On 6 December, the Telecommunications Council of the EU convened to formally adopt its General Approach on the Artificial Intelligence (AI) Act. The formal approval of the text follows in the wake of a COREPER I meeting that took place on 18 November, during which the EU ambassadors provisionally greenlighted the Czech Council Presidency’s final compromise text. The AI Act, which was proposed back in April 2021, is the European Commission’s first ever attempt of establishing a horizontal regulation on AI. With the proposal, the Commission aims to lay down harmonized rules on AI through a risk-based approach, characterised by being human-centred, safe and trustworthy for both people and businesses.
With the Member States’ final rubber-stamp of their position on the file, the Council now has its mandate for the upcoming trilogue negotiations with the European Parliament and the Commission. Some of the most crucial elements of the Council’s General Approach include wording on how to define an AI system, classification of and requirements for high-risk AI systems, prohibited AI practices, general-purpose AI systems, regulatory sandboxes, etc.
Regarding the highly controversial topic on how to define AI systems, the Council’s text provides a narrower definition than the one proposed by the Commission, defining AI systems as “machine learning and logic- or knowledge-based systems.” As such, the Council seeks to ensure greater legal clarity by distinguishing AI from simpler software systems. On high-risk AI, which similarly has caused heated debate among EU institutions and stakeholders, the Council’s General Approach adds a horizontal layer on top of the high-risk classification. The rationale behind this is to ensure that AI systems that are not likely to cause serious violations to the fundamental rights of users, or other significant risks, are not captured by the regulation. Ecommerce Europe is positive towards this addition to the text, as we previously have raised concerns about the Commission’s proposal, especially regarding the many AI systems that inadvertently could be classified as high-risk, and thus be subject to burdensome high-risk requirements, simply because the AI system is used in connection with certain high-risk products or industries. Maintaining the original wording of the Commission’s proposal would be detrimental to the incentives for innovation in the field of AI, and we are therefore pleased to see that the Council seeks to tackle this issue in its text. Moreover, the Council text also clarifies many of the requirements for high-risk AI systems, making them less cumbersome for stakeholders to comply with, while also making them more technically feasible, for instance regarding the quality of data, or the technical documentation to be provided by SMEs to demonstrate that their high-risk AI systems fulfil the requirements. Furthermore, the Council’s General Approach takes into account the fact that AI systems are developed and distributed through comprehensive value chains, including several actors, for which reason the text provides more explicit wording on the responsibilities and roles ascribed to these different actors. Similarly, the text also clarifies the relationship between responsibilities under the AI Act and responsibilities laid down in existing Union legislation, such as data protection or sectorial legislation. In terms of general-purpose AI, the Council position remains that the Commission, by means of an implementing act, should formulate a list within 1.5 years after the entry into force of the regulation on the requirements that general-purpose AI systems should comply with.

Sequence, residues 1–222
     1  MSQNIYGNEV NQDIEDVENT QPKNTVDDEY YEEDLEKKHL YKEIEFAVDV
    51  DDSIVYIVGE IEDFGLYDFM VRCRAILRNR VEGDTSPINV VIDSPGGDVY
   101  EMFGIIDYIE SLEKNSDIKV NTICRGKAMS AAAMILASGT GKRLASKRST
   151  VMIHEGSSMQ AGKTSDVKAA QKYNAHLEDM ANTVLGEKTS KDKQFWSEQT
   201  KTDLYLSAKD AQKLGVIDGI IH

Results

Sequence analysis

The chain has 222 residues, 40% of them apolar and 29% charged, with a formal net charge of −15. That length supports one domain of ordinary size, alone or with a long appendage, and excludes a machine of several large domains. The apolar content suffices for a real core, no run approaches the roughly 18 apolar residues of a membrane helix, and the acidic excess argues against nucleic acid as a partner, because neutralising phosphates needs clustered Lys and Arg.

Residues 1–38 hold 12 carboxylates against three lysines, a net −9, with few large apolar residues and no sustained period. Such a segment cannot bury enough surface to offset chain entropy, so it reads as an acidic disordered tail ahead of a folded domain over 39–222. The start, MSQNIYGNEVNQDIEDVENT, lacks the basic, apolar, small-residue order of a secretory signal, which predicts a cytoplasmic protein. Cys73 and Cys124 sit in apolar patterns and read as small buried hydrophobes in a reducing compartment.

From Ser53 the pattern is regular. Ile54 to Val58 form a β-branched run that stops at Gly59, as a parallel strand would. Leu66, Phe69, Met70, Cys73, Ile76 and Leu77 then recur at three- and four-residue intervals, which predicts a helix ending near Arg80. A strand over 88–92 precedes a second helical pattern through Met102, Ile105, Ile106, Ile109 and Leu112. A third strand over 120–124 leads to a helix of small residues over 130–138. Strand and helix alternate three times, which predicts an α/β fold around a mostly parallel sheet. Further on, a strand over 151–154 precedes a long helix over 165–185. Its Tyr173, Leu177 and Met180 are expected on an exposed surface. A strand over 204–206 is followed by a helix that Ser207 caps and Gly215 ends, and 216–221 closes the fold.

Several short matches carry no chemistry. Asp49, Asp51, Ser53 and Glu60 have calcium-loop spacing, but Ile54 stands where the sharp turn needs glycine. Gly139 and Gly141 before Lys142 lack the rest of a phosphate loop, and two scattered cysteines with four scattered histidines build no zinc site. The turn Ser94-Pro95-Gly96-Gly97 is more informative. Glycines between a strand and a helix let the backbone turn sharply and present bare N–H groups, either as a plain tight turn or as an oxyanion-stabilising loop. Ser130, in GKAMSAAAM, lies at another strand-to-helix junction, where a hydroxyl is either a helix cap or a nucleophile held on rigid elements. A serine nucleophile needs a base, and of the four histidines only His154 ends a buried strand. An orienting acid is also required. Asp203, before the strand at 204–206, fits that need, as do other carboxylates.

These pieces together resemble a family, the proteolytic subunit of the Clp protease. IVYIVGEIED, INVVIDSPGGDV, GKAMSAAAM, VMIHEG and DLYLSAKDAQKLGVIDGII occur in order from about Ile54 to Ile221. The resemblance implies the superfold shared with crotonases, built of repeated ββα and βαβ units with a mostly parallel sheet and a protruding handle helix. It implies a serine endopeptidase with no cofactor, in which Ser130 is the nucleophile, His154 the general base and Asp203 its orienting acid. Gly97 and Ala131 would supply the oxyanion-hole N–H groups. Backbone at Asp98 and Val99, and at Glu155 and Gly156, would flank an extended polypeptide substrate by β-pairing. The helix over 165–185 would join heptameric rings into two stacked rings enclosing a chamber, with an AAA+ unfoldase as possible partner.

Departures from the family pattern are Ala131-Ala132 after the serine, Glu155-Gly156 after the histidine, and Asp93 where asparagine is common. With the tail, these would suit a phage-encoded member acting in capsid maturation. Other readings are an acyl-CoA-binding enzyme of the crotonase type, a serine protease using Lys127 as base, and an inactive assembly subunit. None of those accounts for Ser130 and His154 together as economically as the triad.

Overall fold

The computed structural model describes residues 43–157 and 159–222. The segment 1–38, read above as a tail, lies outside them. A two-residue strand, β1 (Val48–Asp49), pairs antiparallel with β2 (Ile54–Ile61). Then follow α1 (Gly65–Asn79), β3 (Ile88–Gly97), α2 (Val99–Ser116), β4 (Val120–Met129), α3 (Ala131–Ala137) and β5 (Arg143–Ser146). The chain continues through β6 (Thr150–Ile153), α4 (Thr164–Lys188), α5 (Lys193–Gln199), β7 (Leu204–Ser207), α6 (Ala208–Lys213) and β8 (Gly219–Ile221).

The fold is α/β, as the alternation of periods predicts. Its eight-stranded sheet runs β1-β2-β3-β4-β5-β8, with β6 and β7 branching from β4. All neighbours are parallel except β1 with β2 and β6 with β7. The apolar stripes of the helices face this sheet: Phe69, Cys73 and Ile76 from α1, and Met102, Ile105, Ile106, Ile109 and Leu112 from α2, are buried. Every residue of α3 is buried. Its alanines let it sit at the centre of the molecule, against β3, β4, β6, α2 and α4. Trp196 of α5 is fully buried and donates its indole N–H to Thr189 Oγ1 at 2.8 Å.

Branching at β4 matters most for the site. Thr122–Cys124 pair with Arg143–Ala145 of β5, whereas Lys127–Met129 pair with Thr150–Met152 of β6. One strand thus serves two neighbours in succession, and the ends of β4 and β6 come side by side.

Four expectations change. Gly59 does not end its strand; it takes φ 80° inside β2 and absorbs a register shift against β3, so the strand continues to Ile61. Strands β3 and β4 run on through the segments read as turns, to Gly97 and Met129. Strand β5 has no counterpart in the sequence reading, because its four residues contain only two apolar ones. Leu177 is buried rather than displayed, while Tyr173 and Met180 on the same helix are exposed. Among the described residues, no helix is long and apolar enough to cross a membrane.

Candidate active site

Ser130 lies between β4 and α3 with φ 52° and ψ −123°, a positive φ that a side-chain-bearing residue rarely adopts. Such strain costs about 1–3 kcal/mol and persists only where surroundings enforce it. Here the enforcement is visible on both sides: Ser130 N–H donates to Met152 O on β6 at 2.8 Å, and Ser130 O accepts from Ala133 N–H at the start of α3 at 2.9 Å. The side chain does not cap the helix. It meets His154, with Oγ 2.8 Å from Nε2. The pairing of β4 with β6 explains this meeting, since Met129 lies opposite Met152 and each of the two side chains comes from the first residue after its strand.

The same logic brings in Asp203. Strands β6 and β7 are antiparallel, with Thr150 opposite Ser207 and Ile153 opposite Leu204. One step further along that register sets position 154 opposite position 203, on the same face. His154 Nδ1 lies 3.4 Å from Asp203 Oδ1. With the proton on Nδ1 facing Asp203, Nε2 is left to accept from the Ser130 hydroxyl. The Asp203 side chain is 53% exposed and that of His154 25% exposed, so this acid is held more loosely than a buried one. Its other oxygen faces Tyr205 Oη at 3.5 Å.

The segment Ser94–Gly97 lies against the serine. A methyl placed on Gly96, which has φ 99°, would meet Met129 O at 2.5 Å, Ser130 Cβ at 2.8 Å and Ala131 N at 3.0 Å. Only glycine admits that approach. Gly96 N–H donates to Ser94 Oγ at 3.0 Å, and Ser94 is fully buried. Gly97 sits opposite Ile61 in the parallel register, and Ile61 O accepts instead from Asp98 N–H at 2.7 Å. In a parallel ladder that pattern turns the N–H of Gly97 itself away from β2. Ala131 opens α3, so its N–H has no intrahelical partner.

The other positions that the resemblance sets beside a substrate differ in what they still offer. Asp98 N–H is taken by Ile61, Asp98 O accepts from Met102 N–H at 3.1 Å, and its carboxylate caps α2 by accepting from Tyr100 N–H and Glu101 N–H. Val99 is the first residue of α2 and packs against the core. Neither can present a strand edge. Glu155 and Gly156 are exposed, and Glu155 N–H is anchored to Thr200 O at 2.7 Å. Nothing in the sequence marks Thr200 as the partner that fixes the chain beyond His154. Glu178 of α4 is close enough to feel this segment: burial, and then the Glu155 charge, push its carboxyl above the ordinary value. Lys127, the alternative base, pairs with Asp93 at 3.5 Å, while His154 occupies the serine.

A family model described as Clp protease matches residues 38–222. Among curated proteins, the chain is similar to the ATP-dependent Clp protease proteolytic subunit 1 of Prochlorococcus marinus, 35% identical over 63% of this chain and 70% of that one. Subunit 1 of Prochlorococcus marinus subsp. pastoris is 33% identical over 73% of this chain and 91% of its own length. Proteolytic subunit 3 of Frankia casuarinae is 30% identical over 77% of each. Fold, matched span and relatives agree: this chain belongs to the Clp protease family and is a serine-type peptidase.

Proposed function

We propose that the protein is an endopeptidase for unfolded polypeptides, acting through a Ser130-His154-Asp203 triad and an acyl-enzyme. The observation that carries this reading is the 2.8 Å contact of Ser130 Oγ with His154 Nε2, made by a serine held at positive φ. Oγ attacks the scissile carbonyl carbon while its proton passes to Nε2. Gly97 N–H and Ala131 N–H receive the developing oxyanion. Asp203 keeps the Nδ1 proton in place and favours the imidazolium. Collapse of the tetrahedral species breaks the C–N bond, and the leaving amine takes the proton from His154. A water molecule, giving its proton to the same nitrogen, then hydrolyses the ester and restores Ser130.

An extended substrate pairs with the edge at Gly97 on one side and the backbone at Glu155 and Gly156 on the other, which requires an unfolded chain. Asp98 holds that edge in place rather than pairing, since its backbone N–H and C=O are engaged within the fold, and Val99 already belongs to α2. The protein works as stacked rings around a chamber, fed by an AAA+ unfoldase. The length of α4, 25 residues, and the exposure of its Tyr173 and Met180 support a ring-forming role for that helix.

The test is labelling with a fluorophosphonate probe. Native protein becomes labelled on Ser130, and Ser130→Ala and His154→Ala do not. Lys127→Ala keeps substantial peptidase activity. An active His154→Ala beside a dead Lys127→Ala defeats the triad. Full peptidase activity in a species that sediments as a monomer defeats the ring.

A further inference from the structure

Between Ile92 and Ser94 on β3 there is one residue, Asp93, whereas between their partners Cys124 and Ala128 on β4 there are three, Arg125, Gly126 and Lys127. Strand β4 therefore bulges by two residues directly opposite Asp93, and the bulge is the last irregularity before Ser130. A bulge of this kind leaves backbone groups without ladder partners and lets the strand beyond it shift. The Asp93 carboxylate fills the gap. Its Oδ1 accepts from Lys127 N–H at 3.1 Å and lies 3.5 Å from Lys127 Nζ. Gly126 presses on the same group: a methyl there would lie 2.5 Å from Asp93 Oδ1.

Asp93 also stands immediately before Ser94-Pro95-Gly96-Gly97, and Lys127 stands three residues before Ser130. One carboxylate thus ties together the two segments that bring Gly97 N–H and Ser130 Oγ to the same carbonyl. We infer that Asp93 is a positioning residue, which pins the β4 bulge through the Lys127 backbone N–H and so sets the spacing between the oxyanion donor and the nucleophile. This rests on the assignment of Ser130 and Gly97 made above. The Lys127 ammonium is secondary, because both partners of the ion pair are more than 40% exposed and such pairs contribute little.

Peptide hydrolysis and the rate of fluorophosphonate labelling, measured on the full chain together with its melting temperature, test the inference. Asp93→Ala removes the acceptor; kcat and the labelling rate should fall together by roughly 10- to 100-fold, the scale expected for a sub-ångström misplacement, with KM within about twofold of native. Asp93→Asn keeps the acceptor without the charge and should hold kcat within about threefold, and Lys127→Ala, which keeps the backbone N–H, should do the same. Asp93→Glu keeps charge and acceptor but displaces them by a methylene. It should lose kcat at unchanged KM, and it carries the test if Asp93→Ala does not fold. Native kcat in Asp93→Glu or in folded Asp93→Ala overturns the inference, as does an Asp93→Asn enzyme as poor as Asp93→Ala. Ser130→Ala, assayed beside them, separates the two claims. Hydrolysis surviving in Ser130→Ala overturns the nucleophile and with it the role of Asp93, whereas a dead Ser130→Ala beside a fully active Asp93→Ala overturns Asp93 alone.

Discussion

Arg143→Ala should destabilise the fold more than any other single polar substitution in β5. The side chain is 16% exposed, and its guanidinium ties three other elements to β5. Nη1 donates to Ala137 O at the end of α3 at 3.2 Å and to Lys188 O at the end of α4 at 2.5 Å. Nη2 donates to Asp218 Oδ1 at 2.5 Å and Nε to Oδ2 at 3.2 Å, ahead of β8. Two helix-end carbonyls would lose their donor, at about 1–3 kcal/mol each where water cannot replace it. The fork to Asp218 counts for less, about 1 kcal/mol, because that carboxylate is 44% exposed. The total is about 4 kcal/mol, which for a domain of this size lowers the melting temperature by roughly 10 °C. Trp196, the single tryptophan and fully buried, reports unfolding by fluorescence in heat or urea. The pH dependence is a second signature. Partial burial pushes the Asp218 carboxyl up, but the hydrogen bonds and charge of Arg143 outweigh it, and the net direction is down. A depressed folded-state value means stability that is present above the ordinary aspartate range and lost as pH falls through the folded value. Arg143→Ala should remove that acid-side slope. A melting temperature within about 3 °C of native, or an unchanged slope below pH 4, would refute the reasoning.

Finally, the Council text also provides clarity on elements related to regulatory sandboxes e.g., by adding that development and testing of AI systems in a controlled environment could also take place (unsupervised) in real world conditions under specific conditions and safeguards. The text also adds provisions on innovation support activities to be facilitated in the Member States, such as the organisation of trainings to explain the application of the AI rulebook to SMEs, start-ups and local authorities with a view to provide more clarity on the legal landscape surrounding AI.
Despite the Council’s formal adoption of its General Approach, the European Parliament’s responsible Committees, IMCO and LIBE, are still in the process of finding common ground on the file, and the vote in the Committees is thus not expected until spring 2023. As such, Ecommerce Europe will continue to monitor the negotiations on the AI Act, which are likely to continue throughout 2023.
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